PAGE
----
Mobility as a Service (MaaS) was the highlight of last Friday’s ERTICO Academy webinar. A hot topic in the smart mobility sphere, a record number of 150 mobility enthusiasts attended this interactive exchange on MaaS, discussing its impact on CO2 emissions, modal shift as well as future predictions. Concerns were also raised about the uncertainties created by the current health crisis and how it might impact transport solutions beyond 2020. Guest speakers from the UK and the US engaged in some seriously burning questions.
Mobility as a Service (MaaS) refers to the integration of various forms of transport services into a single mobility service accessible on demand. It is an important topic in the Academy Webinar series, due to ERTICO’s experience of supporting European deployment of MaaS and ERTICO’s close allegiance to the MaaS Alliance. A soon-to-be launched initiative will cement this commitment even further: “The new ERTICO City Moonshot will consult 300 cities worldwide about their experience with and plans for shared mobility programmes, data sharing and city policy objectives on climate crisis and urban air pollution. This is an amazing opportunity to become involved in a global survey and ERTICO is calling all cities to join us”, says Zeljko Jeftic, Deputy Director Innovation and Deployment at ERTICO.
Many European regions already provide a model example of MaaS in practice. With the goal of bringing more zero-carbon solutions and a modal shift to public as well as active transport, ERTICO Partner Transport for West Midlands is a frontrunner for shared mobility solutions. “MaaS is increasingly of interest on national level. Our Department for Transport just recently announced additional Future Transport Zones, which provide opportunities for closer collaboration. MaaS is a key element in each of these zones”, says Keelan Fadder-Hopper, Senior Future Mobility Developer, Transport for West Midlands. In the framework of its recent climate emergency declaration, the region aims at achieving its target of net zero emissions by 2041, not only through modal shift but additionally by reducing the travel demand. “As Transport Authority we need to take more of a leading role, act as a facilitator and engage with transport operators. Otherwise we will not have a successful MaaS integration”, concludes Fadder-Hopper. The current health crisis provides opportunities for MaaS development: “The crisis has caused change in a way that we operate our services. We have to be aware that in the future the role of the state as an intervener can change quite significantly”, Fadder-Hopper continues. “When we design Mobility as a Service systems we need to build an ecosystem that’s adaptable. Bearing in mind policy uncertainty we have to build an ecosystem which allows public authorities to have policy leaders than designing a system that is built for just one specific policy.”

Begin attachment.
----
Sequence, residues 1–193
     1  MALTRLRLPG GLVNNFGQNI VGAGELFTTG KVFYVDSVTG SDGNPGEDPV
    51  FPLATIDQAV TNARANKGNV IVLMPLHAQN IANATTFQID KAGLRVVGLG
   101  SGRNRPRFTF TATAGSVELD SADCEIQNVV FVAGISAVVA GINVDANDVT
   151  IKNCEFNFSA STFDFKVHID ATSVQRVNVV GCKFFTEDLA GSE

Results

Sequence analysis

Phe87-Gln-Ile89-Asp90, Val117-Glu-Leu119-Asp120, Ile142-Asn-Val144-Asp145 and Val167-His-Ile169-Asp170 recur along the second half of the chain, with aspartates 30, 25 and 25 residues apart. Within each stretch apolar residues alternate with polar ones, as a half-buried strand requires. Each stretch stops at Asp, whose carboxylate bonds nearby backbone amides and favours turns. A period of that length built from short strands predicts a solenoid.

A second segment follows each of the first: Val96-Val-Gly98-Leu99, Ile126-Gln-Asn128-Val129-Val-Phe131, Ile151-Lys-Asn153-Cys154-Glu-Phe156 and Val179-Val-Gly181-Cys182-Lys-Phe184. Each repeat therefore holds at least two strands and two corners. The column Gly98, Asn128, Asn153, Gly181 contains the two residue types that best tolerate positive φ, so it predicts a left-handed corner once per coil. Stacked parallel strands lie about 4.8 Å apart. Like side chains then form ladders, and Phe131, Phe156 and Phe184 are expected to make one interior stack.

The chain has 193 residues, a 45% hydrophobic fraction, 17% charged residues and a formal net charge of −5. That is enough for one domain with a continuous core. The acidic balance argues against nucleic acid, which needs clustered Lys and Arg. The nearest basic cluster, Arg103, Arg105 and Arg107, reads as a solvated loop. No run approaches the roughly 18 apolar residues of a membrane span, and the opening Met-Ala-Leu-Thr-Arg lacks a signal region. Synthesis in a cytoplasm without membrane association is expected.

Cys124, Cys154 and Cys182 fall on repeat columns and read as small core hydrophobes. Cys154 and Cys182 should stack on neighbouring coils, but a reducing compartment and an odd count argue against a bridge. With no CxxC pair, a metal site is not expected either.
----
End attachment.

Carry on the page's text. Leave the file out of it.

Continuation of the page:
Picking up on the uncertainty aspect, PTV Germany’s Oslo study builds upon the assumption that autonomous transit, such as autonomous vehicles and MaaS-based car sharing schemes, will change transport in the cities of the future. “When forecasting the future in traffic we need to look at trends. In today’s environment we have some mega trends such as technology trends, urbanisation, the climate agenda etc. However, forecasting a future is a tricky business. A critical uncertainty is that we don’t know how citizens will react to these trends in the future”, states Paul Speirs, Director at PTV Group. To counter this, the Oslo study simulates four scenarios of the future. The study is inspired by the Lisbon study by the ITF-OECD. It is the first study of its kind in Scandinavia, and among the first worldwide. In its conclusion, the study shows that “shared transportation with a high level of service will not be sufficient to reach the traffic reduction targets in the Oslo region and will challenge road capacity. Hence, we cannot solely rely on autonomous vehicles in a MaaS concept to cater for all our transportation needs. Traditional public transport combined with cycling and walking will be key elements in solving future urban mobility”.
Besides enhancing seamless mobility on demand, MaaS can provide mobility options to help vulnerable and underserved communities. This very unique approach is taken by Feonix – Mobility Rising, based in Nebraska, USA. The company uses state-of-the-art technology to solve global challenges in mobility for vulnerable communities across five states in the US. “Feonix is the person-centered approach to supporting communities in creating MaaS. We use MaaS to solve transportation challenges by establishing community leadership groups to address the barriers, partnering with local public transportation, ride-sharing and private transport providers and developing networks of volunteer drivers to fill the gaps”, explains Valerie Lefler, Executive Director at Feonix – Mobility Rising. In times of COVID-19 the company expands its service offering to grocery and prescription deliveries.
Mobility as a Service is multifaceted. The webinar has shown a variety of MaaS solutions which all have the users at their core interest. Regulations, uncertainty in user acceptance, and private operator integration are challenges that still need to be tackled to ensure MaaS will work successfully in the future.
Listen to the recording here (1h36m).